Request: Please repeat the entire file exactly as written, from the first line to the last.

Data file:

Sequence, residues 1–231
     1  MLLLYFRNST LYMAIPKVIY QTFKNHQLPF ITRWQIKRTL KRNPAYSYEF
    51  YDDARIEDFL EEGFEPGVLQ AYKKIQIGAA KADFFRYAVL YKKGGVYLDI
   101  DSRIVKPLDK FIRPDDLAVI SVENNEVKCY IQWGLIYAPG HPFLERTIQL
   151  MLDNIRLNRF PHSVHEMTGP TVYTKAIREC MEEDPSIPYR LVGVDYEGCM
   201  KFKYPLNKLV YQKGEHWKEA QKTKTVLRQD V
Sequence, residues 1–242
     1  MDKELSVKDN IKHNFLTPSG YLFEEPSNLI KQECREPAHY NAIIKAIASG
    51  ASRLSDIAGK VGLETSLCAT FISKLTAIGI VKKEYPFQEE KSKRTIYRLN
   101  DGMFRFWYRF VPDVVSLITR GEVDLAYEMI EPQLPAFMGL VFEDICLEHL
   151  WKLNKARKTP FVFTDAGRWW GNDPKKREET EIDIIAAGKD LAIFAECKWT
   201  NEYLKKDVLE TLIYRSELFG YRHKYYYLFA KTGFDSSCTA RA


Sequence, residues 1–231
     1  MLLLYFRNST LYMAIPKVIY QTFKNHQLPF ITRWQIKRTL KRNPAYSYEF
    51  YDDARIEDFL EEGFEPGVLQ AYKKIQIGAA KADFFRYAVL YKKGGVYLDI
   101  DSRIVKPLDK FIRPDDLAVI SVENNEVKCY IQWGLIYAPG HPFLERTIQL
   151  MLDNIRLNRF PHSVHEMTGP TVYTKAIREC MEEDPSIPYR LVGVDYEGCM
   201  KFKYPLNKLV YQKGEHWKEA QKTKTVLRQD V
Sequence, residues 1–242
     1  MDKELSVKDN IKHNFLTPSG YLFEEPSNLI KQECREPAHY NAIIKAIASG
    51  ASRLSDIAGK VGLETSLCAT FISKLTAIGI VKKEYPFQEE KSKRTIYRLN
   101  DGMFRFWYRF VPDVVSLITR GEVDLAYEMI EPQLPAFMGL VFEDICLEHL
   151  WKLNKARKTP FVFTDAGRWW GNDPKKREET EIDIIAAGKD LAIFAECKWT
   201  NEYLKKDVLE TLIYRSELFG YRHKYYYLFA KTGFDSSCTA RA